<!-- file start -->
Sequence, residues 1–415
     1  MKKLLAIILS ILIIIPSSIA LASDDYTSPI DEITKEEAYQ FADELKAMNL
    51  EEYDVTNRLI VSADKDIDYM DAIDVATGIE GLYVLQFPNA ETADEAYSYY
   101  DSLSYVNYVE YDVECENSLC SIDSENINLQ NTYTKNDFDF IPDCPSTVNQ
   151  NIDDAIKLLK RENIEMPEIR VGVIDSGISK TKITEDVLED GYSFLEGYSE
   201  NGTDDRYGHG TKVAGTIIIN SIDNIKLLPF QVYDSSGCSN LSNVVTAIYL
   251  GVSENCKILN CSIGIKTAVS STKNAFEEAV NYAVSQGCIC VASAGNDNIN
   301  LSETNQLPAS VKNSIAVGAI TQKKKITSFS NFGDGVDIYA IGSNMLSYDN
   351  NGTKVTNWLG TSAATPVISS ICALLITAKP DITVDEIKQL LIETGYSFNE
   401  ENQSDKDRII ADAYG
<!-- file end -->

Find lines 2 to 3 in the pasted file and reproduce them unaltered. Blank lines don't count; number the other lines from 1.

     1  MKKLLAIILS ILIIIPSSIA LASDDYTSPI DEITKEEAYQ FADELKAMNL
    51  EEYDVTNRLI VSADKDIDYM DAIDVATGIE GLYVLQFPNA ETADEAYSYY